Also note: that even tho the wet clean method is always 100% effective, it may be necessary to use more than 1 attempt to clean the sensor fully. I think on one occasion, I may have had to do something like 10 swabs (you always use a new pad after each two swipes, where each swab is used twice, once on either side of the swab and in opposite directions).
    So 1 swab = 2 swipes in oppose directions and on opposite sides of the actual swab. So after 20 swipes, I finally got the sensor in a clean state .. where there was not a single solitary spot to bother any part of any image.... in the visible world . Sometimes what can happen is that you dislodge the dust spot, but that it floats on the micron thin layer of wet solution on the sensor's surface.... strictly speaking not the sensor's surface but the topmost sensor filter pack layer.

    I just think that if you are going to take the time to clean up, then clean up(do it properly).
    What I do with the wet clean method(when I use it) is to blow out the mirror box with canned air, (camera pointed down) and then do the same on the sensor, before doing the wet clean. Take a test shot.. and so on.. and on.
    Blue sky is the ideal test target, defocused to MFD, and the widest lens you have is best(more inherent DOF). A well lit white wall is also good to use, but it's always best to make sure that the solid surface used as a test target is always defocused, and no detail is obvious. It makes it easier to see the actual dust spots this way.

    I don't regularly shoot beyond about f/8-11, but a spot is a spot and more annoying than diffraction that doesn't really affect an image is a black UFO that does.

    I don't think the issue is simply about clear skies either! That is, dust bunnies don't simply stick to the lower part of the sensor(the image is inverted remember!!). There are other solid single colour and obvious places that dust can affect in an image. I think if you are fastidious enough to care about diffraction non events at f/49, then having a single solitary dust spot somewhere in the image counts as a similar bug to bear!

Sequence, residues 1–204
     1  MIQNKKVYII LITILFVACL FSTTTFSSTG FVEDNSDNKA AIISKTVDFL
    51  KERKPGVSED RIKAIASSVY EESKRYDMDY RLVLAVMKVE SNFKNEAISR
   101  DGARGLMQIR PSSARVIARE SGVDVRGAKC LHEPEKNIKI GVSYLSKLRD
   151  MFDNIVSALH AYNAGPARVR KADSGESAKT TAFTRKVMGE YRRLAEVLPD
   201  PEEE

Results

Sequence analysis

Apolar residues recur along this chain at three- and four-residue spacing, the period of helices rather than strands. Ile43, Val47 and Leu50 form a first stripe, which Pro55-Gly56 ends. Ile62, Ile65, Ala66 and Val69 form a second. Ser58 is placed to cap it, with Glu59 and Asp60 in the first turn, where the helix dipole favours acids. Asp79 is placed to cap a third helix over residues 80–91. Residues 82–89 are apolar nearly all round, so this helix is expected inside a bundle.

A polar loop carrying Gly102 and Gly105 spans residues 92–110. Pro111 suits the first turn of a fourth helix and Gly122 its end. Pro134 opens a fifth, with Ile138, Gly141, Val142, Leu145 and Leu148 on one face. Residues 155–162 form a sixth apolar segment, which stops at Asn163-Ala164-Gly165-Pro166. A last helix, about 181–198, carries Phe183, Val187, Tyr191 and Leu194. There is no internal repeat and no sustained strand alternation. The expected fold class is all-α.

Sometimes I simply get lazy, and subsequently have two alternative options:
    Dump the image or post it with said dust bunnies, or clone them out.. and I reckon I can do either of these two 50% of the time.
    Nikon D800E, D300, D70s
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    Quote Originally Posted by arthurking83 View Post
    Xenedis is correct tho in that you need to shoot quite stopped down to see the small dust particles, but I beg to differ on the actual aperture setting, and I've seen it at f/8.
    Just to clarify my comment: You will see it at wider apertures than f/22 (I've certainly seen it at f/8), but narrower apertures will show a lot more dust than wider apertures.

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    My D7000 has dust bunnies and I`m pretty careful when changing lenses. I can see them at f8 images too. To date I have found the in camera dust `shaker` ineffective and don`t bother using it anymore. I`ve tried the rocket blower and not much success either. I guess I`ll have to get the copperhill wet clean kit. Has anyone got and used effectively the Arctic butterfly. A friend of mine told me a couple of years ago that he had one and it worked really well in eliminating the dreaded bunnies.
    Graeme
    "May the good Lord look down and smile upon your face"......Norman Gunston___________________________________________________
    Nikon: D7000, D80, 12-24 f4, 17-55 f2.8, 18-135, 70-300VR, 35f2, SB 400, SB 600, TC-201 2x converter. Tamron: 90 macro 2.8 Kenko ext. tubes. Photoshop CS2.


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    Ausphotography Veteran Speedway's Avatar
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    Quote Originally Posted by arthurking83 View Post
    To remove the bunnies on that part of the sensor, you need a wet clean.
    I have used the puffer and vacuum method sucessfully many times, also the sensor brush (dry) has been sucessful a number of times and only once have I had to resort to the wet clean.